When you’re managing a limited company, most of the day-to-day running of a limited company is carried out by you and the other company directors. So you won’t really need to worry about holding shareholders’ meetings, unless a very important issue arises.
Occasions when you may need to hold a shareholders’ meeting are if issues arise concerning capital or changing the limited company’s constitution, which are issues decided by the shareholders.
In some cases directors and shareholders of a limited company will be the same people.
Limited company shareholders act officially as a group. This means that you can either call or arrange for the shareholders to sign a written company resolution or respond to an email.
Certain rules and procedures have to be followed in order to call and conduct a shareholders’ meeting:
Notice given for a shareholders’ meeting
Shareholders must receive advance warning of shareholders’ meetings:
- Each shareholder entitled to attend the shareholders’ meeting must receive notice of all shareholders’ meetings. Each shareholder should be notified of the date, time and place and full details of the proposed company resolution to be considered at the shareholders’ meeting. The notice may be sent by post or electronically. If the details are shown on the limited company’s website, the shareholder must be sent a letter or email drawing his/her attention to it.
- Each shareholder must receive his/her own notice of the shareholders’ meeting. The length of notice is now 14 days.
- It’s possible for shareholders’ meetings to be held at short notice, provided the requisite majority of shareholders have consented to short notice. This consent must be recorded and signed in writing.
- In most cases you will be able to hold the shareholders meeting immediately if you obtain the shareholders’ consent to short notice. (An example template of the Consent to Short Notice Form is included in Lawpack’s Limited Company Formation Kit.)
- Consent to short notice may be given:
- in the case of an annual general meeting (AGM), by all the limited company members entitled to attend and vote at the shareholders’ meeting; and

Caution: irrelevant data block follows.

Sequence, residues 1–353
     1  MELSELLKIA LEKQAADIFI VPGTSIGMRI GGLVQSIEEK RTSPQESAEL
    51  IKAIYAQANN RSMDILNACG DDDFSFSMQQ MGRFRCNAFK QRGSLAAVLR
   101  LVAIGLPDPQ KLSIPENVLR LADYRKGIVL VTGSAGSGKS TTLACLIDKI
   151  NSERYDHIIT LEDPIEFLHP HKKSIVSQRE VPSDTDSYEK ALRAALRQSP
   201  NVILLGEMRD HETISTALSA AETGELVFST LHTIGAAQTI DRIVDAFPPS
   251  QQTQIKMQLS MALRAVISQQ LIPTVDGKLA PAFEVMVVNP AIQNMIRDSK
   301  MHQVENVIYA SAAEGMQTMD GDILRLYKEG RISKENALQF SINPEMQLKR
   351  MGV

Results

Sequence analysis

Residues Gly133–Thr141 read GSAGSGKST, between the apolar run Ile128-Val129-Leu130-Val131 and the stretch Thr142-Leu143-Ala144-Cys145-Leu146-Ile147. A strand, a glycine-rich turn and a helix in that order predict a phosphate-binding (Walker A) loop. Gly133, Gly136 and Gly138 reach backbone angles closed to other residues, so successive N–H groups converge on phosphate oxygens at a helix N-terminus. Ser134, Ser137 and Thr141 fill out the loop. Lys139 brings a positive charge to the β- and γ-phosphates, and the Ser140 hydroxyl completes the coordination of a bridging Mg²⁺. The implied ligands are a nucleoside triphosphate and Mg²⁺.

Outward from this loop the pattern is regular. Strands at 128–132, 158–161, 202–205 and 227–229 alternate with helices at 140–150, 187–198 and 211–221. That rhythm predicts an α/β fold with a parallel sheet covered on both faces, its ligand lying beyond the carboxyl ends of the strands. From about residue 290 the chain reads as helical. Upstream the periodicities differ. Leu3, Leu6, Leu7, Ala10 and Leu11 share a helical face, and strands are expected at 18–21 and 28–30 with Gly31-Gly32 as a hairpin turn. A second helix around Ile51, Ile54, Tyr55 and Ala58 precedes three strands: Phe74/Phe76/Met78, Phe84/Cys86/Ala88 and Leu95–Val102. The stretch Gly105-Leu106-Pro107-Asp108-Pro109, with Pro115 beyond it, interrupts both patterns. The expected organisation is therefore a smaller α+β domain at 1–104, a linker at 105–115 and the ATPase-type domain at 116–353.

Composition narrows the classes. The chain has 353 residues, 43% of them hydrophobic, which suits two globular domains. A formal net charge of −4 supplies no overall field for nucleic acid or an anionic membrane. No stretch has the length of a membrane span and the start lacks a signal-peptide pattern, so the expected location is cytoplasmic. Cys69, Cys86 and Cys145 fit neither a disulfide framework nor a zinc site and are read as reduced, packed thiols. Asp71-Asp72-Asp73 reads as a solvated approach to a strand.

- in the case of general meetings, by a majority in number of the limited company members holding not less than 90 per cent in nominal value of the shares and having the right to attend and vote at the shareholders’ meeting.
Shareholders’ meeting proxy
Each limited company shareholder may appoint someone to attend the shareholders’ meeting on their behalf (a proxy), if they’re unable to attend. The proxy may attend and speak at the shareholders’ meeting and vote on a poll on the shareholder’s behalf. The proxy may now vote on a show of hands.
The notice calling the shareholders’ meeting should inform shareholders that they are entitled to appoint a proxy to attend, speak and vote in their place and that the proxy need not be a shareholder.
The proxy form must be lodged with the limited company within a specified period before the shareholders’ meeting is held (this period cannot be longer than 48 hours).
Shareholders’ meeting quorum
Shareholders act collectively, and not individually, so a certain number of shareholders must be present before a shareholders’ meeting can be held. This is known as a ‘quorum’.
Normally, a minimum of two shareholders present either in person or by proxy constitutes a quorum. But in the event of the limited company only having one shareholder, s/he will not unnaturally form a quorum.
Company resolutions are passed by a majority of the shareholders at shareholders’ meetings.
Voting at a shareholders’ meeting
Shareholders vote to make their collective decisions. The vote which takes place at the shareholders’ meeting can be made in one of two ways:
- On a show of hands — every shareholder present at the shareholders’ meeting in person is entitled to cast one vote. Proxies are now entitled to vote on a show of hands.
- On a poll — every shareholder present at the shareholders’ meeting shall be entitled to cast one vote for every share held. Proxies can vote on a poll.
The number of votes required to pass a particular item depends on whether the company resolution is an ordinary resolution or special resolution.
Ordinary company resolutions
Ordinary company resolutions proposed at a general meeting must be approved by a simple majority (i.e. more than 50 per cent) of the votes cast at the shareholders’ meeting, whether by a show of hands or on a poll.
Two examples of many types of limited company business which must be approved by ordinary company resolution include:
- Declaring a bonus issue.
- Removal of a limited company director.
Special company resolutions
Special company resolutions must be passed by a three-quarters majority of the votes cast at the shareholders’ meeting, whether by a show of hands or on a poll.
Examples of limited company business which must be approved by special company resolution are:
- Alteration to the Memorandum of Association.
- Alteration to the Articles of Association.
- Reduction of capital.
- A change of name. You also must send the appropriate fee to Companies House.
Some ordinary company resolutions and all special company resolutions must be filed at Companies House within 15 days of being passed. Sometimes forms and fees must also accompany the company resolutions.